The PQ seminar zeroes in on academic life and teaching skills, and was first offered last year at the University of California at Irvine. The next one will be in May and another may follow in the summer. After working with Irvine and the University of Southern California, the accrediting agency will move around the country to metropolitan locations, Trapnell says.

Baylor’s Christian environment sends a powerful recruiting message, professors note. Wakefield, who obtained his MBA at Baylor and his Ph.D. at St. Louis University, returned five years ago to become the chair of the Marketing department. “I was attracted by the opportunity to be involved in a university where scholarly productivity is important, but also accomplishing a mission with a higher purpose and influencing students who will go into the workplace and have a positive influence because of their training here at Baylor. I can’t imagine being as committed or loyal to another university.”

Van Pham, professor of Economics, came here for many of the same reasons. A native of Vietnam, Van Pham left Saigon as a seven year-old, along with his mother and two sisters, in 1975. He came to the U.S. in 1976 after living in a refugee camp in Guam for a year. He grew up in St. Petersburg, Fla., and then went to college at MIT. He got his Ph.D. in Economics at Cornell.

“My research has an international dimension and focuses on poor countries,” he says. “Because of Baylor’s Christian mission, there seems to be a natural interest in development work and what seems to be a general interest from students and faculty in international programs. The existence of the McBride International Center at the Hankamer School of Business is an example. This interest in international programs and with developing countries was especially attractive to me.”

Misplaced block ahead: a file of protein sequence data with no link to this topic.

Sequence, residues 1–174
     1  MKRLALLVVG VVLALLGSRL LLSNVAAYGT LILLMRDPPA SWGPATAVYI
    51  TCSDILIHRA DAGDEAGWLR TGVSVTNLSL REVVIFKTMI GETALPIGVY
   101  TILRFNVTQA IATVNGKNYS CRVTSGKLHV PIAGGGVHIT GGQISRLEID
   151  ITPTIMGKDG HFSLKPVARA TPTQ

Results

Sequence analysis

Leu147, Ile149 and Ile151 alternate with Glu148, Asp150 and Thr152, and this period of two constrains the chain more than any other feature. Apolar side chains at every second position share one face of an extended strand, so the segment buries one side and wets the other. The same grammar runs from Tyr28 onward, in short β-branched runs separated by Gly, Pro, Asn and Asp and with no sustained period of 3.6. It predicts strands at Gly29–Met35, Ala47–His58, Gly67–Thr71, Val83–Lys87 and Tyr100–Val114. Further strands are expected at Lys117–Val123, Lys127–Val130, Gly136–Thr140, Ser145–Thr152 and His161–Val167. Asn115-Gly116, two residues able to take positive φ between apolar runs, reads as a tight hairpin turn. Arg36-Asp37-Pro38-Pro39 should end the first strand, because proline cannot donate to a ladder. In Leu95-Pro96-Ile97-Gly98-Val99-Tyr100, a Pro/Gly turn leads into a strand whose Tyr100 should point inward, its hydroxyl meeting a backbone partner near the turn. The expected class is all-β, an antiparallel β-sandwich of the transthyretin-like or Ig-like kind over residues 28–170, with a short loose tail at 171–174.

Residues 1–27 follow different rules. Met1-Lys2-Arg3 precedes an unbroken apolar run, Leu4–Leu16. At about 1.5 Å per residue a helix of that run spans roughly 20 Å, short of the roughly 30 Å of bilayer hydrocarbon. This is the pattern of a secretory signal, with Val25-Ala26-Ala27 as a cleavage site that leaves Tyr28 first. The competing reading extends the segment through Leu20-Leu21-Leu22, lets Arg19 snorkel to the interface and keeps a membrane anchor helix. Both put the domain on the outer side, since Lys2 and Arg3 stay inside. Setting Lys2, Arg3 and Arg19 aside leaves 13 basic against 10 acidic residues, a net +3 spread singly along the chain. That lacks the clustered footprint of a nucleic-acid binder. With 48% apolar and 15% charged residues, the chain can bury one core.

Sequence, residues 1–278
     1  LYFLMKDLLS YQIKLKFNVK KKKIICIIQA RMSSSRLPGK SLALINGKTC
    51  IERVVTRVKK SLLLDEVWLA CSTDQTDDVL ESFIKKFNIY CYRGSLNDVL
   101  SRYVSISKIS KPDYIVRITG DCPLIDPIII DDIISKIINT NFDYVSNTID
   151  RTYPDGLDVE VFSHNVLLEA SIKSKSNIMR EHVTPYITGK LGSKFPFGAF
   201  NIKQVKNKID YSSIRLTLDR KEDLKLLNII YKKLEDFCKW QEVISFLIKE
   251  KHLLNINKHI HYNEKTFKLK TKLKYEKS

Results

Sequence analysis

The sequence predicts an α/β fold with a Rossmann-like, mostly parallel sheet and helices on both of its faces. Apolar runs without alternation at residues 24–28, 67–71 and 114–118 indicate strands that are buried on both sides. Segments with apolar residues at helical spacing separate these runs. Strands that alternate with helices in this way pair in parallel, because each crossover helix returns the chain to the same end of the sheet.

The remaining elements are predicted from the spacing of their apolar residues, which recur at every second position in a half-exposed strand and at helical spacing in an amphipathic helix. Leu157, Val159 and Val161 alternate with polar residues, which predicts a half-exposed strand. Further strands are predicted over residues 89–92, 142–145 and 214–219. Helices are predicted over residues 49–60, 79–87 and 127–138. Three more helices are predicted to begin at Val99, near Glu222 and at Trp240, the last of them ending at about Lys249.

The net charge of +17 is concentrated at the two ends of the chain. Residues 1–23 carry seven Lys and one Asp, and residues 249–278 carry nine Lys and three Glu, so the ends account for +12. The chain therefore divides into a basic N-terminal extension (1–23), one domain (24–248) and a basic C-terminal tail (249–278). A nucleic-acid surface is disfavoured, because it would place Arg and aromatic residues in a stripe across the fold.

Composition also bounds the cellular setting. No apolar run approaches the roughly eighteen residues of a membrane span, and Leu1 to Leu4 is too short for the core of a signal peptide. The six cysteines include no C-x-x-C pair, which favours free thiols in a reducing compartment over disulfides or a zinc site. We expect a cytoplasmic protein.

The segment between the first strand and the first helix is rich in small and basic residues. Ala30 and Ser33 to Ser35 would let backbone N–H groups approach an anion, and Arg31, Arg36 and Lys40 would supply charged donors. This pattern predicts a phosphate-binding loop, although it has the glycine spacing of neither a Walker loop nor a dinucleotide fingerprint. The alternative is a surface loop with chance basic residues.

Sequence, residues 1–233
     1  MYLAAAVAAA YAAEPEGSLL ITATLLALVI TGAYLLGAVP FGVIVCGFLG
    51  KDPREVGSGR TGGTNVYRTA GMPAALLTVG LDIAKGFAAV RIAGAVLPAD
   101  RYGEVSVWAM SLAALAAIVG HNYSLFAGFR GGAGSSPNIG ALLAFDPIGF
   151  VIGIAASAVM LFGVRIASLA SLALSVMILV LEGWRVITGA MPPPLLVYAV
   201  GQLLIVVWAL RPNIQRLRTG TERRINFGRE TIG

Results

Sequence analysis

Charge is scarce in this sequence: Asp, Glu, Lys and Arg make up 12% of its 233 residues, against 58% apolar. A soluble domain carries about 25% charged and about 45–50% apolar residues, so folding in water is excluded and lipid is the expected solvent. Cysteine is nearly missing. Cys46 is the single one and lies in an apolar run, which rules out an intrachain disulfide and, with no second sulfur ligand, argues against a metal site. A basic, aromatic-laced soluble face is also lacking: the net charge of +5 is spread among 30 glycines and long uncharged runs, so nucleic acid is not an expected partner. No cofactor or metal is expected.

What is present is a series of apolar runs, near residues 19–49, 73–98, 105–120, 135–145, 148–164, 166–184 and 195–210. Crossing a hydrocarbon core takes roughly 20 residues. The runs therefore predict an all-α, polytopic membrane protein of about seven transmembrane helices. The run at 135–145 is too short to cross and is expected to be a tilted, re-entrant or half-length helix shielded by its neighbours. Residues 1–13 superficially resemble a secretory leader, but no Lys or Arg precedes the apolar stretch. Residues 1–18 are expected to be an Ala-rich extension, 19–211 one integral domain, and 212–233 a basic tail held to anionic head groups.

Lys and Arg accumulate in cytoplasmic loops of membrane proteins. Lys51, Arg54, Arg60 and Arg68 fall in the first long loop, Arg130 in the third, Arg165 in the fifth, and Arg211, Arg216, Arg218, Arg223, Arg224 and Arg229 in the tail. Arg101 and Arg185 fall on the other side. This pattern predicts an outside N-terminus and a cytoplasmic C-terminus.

Kendall Artz, chairman of the Department of Management & Entrepreneurship, came to Baylor in 1995 after working at both Hewlett-Packard and Norwest Corp., which is now Wells Fargo. He teaches strategy and is coordinator of BEST, a business honors program for seniors.

Although his opportunities in the corporate world were excellent, he found himself wondering what he wanted to do with the rest of his life. “I wanted to work in an environment where I could still work in (strategy) and have an impact on people’s lives, more than in the corporate setting.”

He’s been department chair since 2001 and has done a lot of faculty hiring over the last four to five years. “We always tell them that Baylor allows you to do things that you cannot necessarily to do at other institutions. The Christian environment impacts the way people interact around each other, the way they conduct themselves. The students generally have the same world view. The environment is supportive and collegial.”

Artz, who recently won the Hankamer School of Business Teaching Excellence Award, notes that Baylor offers a balanced model between research and teaching. “We value research and go after people who are doing that, and those are the same characteristics that top tier schools would go after. But we also care about the teaching dimension. We are not saying that other schools don’t, but not to the extent that we do. If you like working with students, Baylor’s the place to be.”

Professors often say they can attract others to Baylor because of its Christian heritage, the work environment, and the balance between research and teaching, reasonable tenure requirements, and the reputation of its business programs. “Once you start getting faculty active in academic circles and networks, these things spread,” Davis says.

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Baylor Business Review, Spring 2007